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Abstract

Summary

Waterflooding has been commonly used for secondary oil recovery. However, it is well known that the efficiency of oil recovery decreases when the mobility ratio is large, or the reservoir is highly heterogeneous. In these scenarios, the polymer flooding technique arises as an efficient alternative to increase the production curves. The injection of a high viscosity polymer solution reduces the mobility ratio, improving the displacement and sweep efficiency. On the other hand, mechanical retention and adsorption phenomena give rise to formation damage close to the injection wells resulting in injectivity loss. In this context, our main goal is to construct a new computational model based on domain decomposition methods capable of coupling the phenomena in different spatial and time scales during the polymer flooding. From the mathematical point of view, we consider the polymer solution a pseudo-plastic flow with the hydrodynamic model given by a non-linear Darcy’s Law where the injected fluid viscosity depends on the shear rate as suggested by the Carreau’s Law. Furthermore, the polymer movement is quantified making use of a convection-diffusion-reaction transport equation where the non-linear reactive part is due to mechanical retention and adsorption. The studied model takes formation damage into account considering that porosity and permeability depend on the retained polymer concentrations mechanically retained or adsorbed. From the computational point of view, the non-linear mathematical model is discretized making use of the finite element method together with a staggered algorithm and the Newton-Raphson method. The kinetic law for mechanical retention is post-processed by the Runge-Kutta method. It is important to highlight that polymer may accumulate in the neighborhood of the injection well on a fast time scale causing injectivity loss. Contrary to the rest of the reservoir, where large time steps and a coarse spatial mesh can be used, on the neighborhood of the injection wells small time steps and a fine spatial mesh are sometimes required. In this context, we propose the application of domain decomposition techniques to couple the near-well/reservoir domains with accuracy and lower computational cost. To this end, we apply a multi-time step domain decomposition method to couple retention and adsorption near well phenomena with polymer transport in the reservoir. Finally, we propose some numerical simulations to show the efficiency of the domain decomposition as well as to quantify injectivity during polymer flooding.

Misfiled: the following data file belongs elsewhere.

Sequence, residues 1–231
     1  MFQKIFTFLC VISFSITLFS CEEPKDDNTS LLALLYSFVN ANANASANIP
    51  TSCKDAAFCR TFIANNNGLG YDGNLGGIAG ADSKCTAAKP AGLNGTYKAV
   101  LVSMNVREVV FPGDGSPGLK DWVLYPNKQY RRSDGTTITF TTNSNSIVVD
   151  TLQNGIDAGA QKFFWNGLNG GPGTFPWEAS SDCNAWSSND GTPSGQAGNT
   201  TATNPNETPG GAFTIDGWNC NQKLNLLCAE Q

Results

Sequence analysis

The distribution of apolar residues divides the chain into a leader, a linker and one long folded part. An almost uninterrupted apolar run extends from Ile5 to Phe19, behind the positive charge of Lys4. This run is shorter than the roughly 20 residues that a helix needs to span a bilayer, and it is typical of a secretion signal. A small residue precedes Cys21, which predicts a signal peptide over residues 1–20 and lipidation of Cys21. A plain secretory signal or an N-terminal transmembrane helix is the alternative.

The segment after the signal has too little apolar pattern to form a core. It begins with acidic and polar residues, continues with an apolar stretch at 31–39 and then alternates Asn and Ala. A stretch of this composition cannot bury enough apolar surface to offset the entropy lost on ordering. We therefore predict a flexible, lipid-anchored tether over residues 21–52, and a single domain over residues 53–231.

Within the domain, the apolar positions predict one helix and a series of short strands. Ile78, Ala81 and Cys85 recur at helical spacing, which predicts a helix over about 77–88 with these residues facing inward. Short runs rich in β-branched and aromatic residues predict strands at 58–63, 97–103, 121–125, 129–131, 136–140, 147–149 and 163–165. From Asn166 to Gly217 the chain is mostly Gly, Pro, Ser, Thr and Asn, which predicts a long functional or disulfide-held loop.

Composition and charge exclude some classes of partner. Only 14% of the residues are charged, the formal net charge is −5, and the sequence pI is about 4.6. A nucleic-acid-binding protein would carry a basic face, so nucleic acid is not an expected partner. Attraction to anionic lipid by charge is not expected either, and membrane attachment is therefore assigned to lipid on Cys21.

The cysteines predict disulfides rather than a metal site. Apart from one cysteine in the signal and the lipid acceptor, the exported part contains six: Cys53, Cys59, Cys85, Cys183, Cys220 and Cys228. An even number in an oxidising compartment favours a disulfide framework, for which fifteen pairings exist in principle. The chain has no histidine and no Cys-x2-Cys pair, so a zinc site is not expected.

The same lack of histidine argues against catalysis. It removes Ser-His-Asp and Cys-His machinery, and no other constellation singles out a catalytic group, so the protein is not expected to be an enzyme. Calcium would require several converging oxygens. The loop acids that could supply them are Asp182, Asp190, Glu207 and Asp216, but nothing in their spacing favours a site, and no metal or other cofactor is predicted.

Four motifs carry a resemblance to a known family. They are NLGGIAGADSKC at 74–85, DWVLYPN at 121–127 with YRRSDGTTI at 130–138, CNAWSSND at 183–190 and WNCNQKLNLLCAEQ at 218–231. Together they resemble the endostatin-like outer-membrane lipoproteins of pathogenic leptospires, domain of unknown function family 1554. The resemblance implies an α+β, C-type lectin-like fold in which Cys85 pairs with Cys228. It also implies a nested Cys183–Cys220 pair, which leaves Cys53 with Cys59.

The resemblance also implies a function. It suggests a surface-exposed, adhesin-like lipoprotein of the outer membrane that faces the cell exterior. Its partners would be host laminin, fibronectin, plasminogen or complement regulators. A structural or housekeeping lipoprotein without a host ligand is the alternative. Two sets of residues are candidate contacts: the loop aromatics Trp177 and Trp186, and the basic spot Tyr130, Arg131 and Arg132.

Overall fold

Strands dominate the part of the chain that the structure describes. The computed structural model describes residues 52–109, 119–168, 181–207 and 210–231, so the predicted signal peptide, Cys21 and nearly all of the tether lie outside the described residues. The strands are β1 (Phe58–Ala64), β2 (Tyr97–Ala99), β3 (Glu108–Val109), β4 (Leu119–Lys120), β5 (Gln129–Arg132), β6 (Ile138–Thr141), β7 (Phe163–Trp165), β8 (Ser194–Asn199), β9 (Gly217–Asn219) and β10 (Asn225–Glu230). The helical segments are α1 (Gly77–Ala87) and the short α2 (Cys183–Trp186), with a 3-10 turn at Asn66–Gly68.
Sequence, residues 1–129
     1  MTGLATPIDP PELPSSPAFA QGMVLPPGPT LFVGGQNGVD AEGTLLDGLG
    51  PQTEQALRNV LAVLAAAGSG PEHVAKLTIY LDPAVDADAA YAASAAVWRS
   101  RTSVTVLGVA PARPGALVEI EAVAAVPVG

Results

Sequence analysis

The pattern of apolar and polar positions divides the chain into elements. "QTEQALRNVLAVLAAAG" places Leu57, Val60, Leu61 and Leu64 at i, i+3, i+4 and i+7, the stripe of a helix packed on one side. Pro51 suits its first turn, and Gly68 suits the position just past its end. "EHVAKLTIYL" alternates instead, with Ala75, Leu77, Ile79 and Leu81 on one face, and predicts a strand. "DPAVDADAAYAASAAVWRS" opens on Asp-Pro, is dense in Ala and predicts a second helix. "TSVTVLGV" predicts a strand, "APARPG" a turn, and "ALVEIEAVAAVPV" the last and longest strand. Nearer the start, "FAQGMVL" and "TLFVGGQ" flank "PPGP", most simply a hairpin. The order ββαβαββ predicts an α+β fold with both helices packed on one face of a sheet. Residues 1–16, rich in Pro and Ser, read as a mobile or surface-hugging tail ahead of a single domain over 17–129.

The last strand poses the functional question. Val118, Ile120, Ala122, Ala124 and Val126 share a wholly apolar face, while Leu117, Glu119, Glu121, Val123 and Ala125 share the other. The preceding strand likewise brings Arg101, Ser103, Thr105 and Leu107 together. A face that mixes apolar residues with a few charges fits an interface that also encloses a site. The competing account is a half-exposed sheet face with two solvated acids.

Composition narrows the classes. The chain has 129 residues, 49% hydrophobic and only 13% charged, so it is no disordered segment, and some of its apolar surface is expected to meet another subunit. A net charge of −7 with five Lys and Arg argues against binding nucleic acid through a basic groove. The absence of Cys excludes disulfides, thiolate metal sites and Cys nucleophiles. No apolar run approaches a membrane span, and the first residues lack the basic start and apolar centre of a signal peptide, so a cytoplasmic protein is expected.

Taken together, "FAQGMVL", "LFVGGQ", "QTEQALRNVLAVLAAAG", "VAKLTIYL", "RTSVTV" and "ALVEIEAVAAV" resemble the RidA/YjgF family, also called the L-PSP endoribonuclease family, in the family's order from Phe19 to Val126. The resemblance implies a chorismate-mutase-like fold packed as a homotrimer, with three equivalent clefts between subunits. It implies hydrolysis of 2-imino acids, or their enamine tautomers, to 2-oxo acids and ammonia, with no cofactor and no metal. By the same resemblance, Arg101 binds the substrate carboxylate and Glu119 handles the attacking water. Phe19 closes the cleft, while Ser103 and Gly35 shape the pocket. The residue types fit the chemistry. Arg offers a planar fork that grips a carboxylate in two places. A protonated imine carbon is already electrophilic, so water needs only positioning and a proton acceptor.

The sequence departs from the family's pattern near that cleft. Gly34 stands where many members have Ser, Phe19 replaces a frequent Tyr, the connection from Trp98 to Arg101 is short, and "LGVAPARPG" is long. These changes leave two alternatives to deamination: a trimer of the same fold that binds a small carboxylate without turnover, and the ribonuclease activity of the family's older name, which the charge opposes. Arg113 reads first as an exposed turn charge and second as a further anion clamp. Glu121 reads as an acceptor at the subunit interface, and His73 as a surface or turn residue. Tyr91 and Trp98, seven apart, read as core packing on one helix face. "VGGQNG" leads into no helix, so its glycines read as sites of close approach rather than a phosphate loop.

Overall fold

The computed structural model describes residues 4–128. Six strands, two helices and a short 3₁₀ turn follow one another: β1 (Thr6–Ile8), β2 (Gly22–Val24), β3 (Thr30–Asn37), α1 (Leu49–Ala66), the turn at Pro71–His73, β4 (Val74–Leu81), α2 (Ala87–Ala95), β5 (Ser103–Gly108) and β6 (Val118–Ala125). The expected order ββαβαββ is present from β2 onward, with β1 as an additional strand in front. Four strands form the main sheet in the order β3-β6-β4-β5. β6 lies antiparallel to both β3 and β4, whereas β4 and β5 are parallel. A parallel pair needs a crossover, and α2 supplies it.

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2020-09-30
2021-09-20
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  • Published online: 30 Sep 2020
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